Washington/Geneva – The 33rd session of the Human Rights Council of the United Nations in Geneva once again saw Tibet and China in the spotlight, as High Commissioner for Human Rights Zeid prominently expressed concern with regard to human rights violations in the People’s Republic of China and urged the Chinese government to cooperate with United Nations institutions. In his opening statement, Zeid said with regard to China: “I am deeply concerned, however, over reports of continued harassment of human rights lawyers, human rights defenders and their family members, as well as allegations of discrimination, torture and ill-treatment, enforced disappearances and deaths in custody of members of ethnic and religious communities.” During the general debate, Slovakia on behalf of the European Union and Germany prominently raised the situation in Tibet while others such as the United States, the Czech Republic, France, Canada, Ireland and the UK expressed concern about the human rights situation in China in general.
“We strongly welcome these statements as they reflect a consistent policy approach towards the People’s Republic of China, which is indispensable. We are particularly grateful for the High Commissioner’s consistent efforts to raise the ongoing rights violations in the PRC”, Kai Mueller, Head of UN Advocacy of the International Campaign for Tibet, said.
ICT, on behalf of the Helsinki Foundation for Human Rights, delivered an Oral Statement on the state of freedom of religion in Tibet. While urging the Chinese government to respect rights of religious practitioners, particularly at the important Buddhist institution of Larung Gar, the statement calls on the government of the PRC to allow unfettered access to Tibet and Buddhist institutions such as Larung Gar.
The statement, delivered by ICT’s Melanie Blondelle, particularly underlines: “Since 2008, the Chinese authorities have instilled an oppressive environment in Tibetan Buddhist monasteries and nunneries – an approach in which the state recognizes no limits to its authority, and strives to regulate every aspect of the religious life.”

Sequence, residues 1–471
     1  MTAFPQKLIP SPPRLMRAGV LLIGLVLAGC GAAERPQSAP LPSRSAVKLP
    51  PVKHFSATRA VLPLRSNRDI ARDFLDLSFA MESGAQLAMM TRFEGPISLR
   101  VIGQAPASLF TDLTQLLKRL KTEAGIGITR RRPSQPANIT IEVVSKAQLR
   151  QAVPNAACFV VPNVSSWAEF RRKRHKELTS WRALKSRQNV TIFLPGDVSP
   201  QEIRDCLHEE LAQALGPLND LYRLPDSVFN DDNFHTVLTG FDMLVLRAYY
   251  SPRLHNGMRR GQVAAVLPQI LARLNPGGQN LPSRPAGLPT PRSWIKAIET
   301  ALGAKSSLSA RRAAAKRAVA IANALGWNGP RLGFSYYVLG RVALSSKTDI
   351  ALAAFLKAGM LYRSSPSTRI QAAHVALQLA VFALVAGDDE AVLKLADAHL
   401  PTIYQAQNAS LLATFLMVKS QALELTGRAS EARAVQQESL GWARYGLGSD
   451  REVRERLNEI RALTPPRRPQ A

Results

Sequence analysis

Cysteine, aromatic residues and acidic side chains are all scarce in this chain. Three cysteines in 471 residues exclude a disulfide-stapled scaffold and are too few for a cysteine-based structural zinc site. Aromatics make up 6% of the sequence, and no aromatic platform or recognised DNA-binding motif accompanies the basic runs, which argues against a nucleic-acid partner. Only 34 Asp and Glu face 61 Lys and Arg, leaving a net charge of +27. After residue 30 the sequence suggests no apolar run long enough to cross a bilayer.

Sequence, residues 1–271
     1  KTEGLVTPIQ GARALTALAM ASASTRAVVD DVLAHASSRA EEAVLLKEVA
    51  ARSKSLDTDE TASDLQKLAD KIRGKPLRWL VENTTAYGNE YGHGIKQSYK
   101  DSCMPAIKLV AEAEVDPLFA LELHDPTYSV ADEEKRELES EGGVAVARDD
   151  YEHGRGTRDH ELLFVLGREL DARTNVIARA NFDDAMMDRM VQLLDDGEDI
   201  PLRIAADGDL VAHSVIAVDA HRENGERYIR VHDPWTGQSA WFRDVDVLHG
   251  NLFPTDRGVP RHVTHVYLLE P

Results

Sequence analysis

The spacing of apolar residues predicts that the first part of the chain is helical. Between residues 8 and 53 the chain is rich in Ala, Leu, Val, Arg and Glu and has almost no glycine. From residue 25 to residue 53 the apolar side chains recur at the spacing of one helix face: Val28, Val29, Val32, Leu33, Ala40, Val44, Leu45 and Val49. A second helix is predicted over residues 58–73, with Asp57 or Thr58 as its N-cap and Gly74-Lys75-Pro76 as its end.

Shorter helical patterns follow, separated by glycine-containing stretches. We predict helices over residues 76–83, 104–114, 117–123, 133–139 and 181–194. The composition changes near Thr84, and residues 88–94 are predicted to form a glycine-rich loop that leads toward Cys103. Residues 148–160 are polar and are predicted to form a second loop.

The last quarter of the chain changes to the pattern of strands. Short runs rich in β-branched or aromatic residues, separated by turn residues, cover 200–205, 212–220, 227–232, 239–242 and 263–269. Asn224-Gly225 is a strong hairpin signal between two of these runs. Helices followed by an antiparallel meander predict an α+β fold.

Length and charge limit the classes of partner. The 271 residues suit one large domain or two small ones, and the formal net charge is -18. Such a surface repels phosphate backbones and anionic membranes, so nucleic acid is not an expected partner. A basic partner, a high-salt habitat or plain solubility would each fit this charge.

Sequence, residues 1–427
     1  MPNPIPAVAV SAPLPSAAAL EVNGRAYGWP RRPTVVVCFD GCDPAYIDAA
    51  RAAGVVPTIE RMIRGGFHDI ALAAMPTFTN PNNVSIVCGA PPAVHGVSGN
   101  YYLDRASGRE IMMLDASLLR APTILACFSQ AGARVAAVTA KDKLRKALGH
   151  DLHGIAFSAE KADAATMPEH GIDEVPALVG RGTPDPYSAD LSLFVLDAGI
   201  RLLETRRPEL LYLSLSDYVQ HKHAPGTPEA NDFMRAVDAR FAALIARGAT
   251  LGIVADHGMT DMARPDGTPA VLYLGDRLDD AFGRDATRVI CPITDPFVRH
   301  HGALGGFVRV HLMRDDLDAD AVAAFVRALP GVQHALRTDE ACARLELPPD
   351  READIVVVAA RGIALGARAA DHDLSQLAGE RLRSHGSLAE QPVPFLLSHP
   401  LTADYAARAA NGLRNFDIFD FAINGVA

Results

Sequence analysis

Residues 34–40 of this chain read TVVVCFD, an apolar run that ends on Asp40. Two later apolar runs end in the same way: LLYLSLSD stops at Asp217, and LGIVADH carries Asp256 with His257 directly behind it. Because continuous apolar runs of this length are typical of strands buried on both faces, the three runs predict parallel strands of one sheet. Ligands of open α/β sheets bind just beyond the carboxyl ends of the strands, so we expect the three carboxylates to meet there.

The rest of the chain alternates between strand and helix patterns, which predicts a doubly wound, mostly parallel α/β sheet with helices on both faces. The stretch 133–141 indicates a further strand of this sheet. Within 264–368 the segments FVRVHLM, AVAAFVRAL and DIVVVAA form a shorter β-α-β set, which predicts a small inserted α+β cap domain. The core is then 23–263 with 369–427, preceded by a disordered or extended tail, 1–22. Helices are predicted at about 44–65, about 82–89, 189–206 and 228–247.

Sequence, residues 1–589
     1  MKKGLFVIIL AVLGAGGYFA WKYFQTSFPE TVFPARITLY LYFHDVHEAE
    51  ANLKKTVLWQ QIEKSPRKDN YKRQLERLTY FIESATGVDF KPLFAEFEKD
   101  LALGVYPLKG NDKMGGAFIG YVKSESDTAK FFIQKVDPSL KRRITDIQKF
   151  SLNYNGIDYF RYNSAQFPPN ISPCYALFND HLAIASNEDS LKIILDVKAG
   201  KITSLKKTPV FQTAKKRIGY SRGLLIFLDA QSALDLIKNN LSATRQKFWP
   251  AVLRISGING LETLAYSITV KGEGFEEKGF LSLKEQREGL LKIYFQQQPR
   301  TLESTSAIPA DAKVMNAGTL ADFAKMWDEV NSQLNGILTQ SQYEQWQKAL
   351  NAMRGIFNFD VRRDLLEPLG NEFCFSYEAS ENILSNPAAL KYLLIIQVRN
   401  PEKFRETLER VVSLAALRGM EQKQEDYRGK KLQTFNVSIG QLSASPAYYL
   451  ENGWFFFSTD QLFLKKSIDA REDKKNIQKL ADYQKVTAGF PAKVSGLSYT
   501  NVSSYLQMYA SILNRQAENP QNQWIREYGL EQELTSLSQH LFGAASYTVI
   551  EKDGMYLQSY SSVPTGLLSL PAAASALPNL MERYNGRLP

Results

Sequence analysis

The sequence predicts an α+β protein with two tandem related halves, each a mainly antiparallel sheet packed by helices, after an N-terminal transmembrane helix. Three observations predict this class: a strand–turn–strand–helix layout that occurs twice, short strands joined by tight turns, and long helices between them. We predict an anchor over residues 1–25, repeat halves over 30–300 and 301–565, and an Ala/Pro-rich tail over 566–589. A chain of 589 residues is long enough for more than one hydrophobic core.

On 19 September, at a side event to the ongoing session of the Human Rights Council organized by the Society for Threatened People and moderated by ICT’s Kai Mueller, Nyima Lhamo, niece of the late monk Tenzin Delek Rinpoche gave her accounts of the events that followed her uncle’s death and shared the reasons that made her and her family believe that the revered monk was poisoned to death in prison. “In Tibet there are many political prisoners suffering the same fate as my uncle Tenzin Delek Rinpoche. So I sincerely hope that their voices be heard and justice be done to them and I believe it is important for the world to know about the injustices suffered by Tibetans in Tibet,” she said.At a “Tibet solidarity rally“ in front of United Nations‘ institutions in Geneva last Friday around 2,000 Tibetans, Uyhurs and their supporters jointly urged for religious freedom in the People’s Republic of China. Prominent speakers at the famous “Broken Chair“ in front of the Palais des Nations included civil society activists, parliamentarians, former political prisoners and politicians: the niece of a prominent Tibetan lama, Tenzin Delek Rinpoche, who died in prison last year; Uyghur leader in exile Rebiya Kadeer; European Parliamentarians and Tibetan monk Golog Jigme, who escaped into exile after suffering torture in prison, as well as former Vice-Premier of the Czech Republic Martin Bursik called on the international community to raise the rights violations with the Chinese government. In a written statement, ICT chairman Richard Gere urged to protect the Buddhist institute of Larung Gar. “We must protect this important ‘monastery for the world’, not just for Tibetan Buddhists, but for entire mankind. We need places like Larung Gar now more than ever. It is not too late to save them“, Gere emphasized. The rally was organized by Tibetan organizations in Switzerland and the International Campaign for Tibet.